Shields and Brooks Analyze Social Security, DNC
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JIM LEHRER: And that brings us to the analysis of Shields and Brooks: syndicated columnist Mark Shields, New York Times columnist David Brooks.
So, David, how would you score the opening rounds of this fight over Social Security reform?
DAVID BROOKS: I guess the thing I would emphasize is this is the opening round. The Democrats are pretty united, they pretty much know what they think; they’re against personal accounts.
JIM LEHRER: Ben Cardin pretty speaks for them, does he not? I don’t mean he speaks for them but he represents the kind of the Democratic view. Do you agree with that Mark?
MARK SHIELDS: I do.
DAVID BROOKS: A tremendous party unity, they don’t have a counter proposal, but they’re against personal accounts. One thing I’m struck by talking to people this week is how much the Republicans are still at first base on this. That the members of the Congress many of them are still getting educated. So they’re not even thinking about plans, and then as far as the administration goes, they have this notion of permanent accounts, but then how to adjust the benefits, whether the plan should start in the House or Senate, whether the president should propose a plan or wait for Congress to do it. None of that has been decided and none of it is going to be decided for months. So this is going to be a long drawn out process, and the administration is basically, they’re sending the president on the road, they’re going to see what the country looks like in a few weeks and then they’ll start making some decisions.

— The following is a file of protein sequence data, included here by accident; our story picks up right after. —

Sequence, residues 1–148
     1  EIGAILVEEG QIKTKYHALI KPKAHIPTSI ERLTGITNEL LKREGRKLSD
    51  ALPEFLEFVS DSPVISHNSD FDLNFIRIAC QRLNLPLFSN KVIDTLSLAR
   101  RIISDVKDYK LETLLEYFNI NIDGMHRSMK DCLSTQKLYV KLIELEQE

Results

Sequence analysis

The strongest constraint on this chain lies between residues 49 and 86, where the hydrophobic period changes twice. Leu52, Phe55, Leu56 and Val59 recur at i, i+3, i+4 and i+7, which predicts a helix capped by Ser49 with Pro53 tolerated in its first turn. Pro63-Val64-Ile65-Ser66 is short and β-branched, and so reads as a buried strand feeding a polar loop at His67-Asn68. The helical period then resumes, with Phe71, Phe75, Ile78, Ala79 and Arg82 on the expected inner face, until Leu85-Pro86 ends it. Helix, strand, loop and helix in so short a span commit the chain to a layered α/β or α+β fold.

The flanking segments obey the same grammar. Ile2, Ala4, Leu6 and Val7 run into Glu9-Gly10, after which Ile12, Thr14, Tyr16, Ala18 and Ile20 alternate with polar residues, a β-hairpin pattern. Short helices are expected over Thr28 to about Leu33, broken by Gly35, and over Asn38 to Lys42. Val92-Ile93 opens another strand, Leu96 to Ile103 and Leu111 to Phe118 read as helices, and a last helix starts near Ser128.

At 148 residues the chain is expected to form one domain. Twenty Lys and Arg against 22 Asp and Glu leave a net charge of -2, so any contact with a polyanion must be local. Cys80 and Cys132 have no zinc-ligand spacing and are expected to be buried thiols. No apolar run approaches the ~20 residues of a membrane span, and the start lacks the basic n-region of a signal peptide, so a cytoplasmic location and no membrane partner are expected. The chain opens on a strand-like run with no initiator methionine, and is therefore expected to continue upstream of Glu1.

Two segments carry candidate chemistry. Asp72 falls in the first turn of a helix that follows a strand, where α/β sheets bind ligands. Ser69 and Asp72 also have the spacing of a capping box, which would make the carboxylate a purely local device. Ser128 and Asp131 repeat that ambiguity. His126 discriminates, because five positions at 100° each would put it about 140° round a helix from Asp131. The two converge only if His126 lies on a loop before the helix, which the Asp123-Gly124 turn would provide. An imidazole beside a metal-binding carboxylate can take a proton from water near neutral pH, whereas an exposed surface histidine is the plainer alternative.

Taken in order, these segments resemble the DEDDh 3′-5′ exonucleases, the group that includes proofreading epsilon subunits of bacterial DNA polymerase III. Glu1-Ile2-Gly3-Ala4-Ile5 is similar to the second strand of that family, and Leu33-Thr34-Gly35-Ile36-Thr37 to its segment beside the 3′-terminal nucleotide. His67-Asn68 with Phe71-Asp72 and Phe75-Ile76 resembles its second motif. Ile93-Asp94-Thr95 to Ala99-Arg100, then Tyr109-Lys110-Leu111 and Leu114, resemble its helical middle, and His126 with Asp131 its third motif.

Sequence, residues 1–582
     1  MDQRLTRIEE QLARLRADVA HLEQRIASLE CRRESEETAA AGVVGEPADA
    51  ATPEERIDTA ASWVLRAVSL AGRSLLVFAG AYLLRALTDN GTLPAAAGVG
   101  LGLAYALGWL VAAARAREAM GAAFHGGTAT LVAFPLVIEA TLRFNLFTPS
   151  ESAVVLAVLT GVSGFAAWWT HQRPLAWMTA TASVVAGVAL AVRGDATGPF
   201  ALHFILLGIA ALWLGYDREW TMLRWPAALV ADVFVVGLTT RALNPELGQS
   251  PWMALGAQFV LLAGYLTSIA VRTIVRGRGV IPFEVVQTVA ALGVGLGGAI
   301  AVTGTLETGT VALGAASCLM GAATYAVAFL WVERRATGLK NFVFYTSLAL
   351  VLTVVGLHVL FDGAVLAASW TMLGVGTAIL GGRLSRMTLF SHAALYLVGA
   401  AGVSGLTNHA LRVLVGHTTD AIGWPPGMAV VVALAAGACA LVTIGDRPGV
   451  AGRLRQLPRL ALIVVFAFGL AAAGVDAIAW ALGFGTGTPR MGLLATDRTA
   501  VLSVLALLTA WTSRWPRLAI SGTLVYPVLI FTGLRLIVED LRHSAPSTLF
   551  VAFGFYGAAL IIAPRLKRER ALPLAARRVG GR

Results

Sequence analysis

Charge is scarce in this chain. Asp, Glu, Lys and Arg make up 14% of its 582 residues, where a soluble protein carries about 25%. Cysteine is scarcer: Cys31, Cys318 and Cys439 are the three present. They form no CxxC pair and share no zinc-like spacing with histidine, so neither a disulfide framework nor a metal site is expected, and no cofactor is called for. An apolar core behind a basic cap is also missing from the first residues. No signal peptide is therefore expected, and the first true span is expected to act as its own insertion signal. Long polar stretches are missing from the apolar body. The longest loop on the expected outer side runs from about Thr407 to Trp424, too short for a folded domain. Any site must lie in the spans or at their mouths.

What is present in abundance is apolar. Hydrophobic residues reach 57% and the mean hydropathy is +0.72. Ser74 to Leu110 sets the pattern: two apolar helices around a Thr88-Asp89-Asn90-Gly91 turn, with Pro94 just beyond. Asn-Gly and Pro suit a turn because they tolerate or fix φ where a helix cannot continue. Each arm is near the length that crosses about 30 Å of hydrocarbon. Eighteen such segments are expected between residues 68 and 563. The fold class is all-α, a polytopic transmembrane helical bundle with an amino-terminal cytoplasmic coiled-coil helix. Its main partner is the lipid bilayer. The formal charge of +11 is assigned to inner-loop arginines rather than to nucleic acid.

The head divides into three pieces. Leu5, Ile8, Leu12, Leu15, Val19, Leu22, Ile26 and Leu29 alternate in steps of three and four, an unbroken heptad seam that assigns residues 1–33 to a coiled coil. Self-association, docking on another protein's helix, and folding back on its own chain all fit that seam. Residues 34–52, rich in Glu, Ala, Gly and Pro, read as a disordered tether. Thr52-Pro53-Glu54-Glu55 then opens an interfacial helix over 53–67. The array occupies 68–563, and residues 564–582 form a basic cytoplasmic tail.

JIM LEHRER: How does it look to you at this moment, early moment?
MARK SHIELDS: I agree with David’s assessment, Jim; I would just add this. I thought in that piece that Holman did, that the woman who said to Ben Cardin this is – there is so much of this talk now about I, how am I going to do what am I going to do and that Social Security was each generation looking out for the next generation.
What we have here really I think are two competing American narratives. The first is the great frontier story, myth if you would, of the rugged individualist, the guy who owes nothing to anybody, who by sheer guts, determination, self reliance, prevails over others and wears no man’s collar.
The other is the competing frontier narrative of the small town where people pool their talents, their time, their energy, resources to build a barn or to build a school, and Social Security certainly follows that second model. And that’s what it has been about. And I think what we’re talking about here is something, you know, rather profound, and I think that’s what we’re going to be wrestling with over the next, it’s going to be a great philosophical fight as well.
JIM LEHRER: Do you agree with that?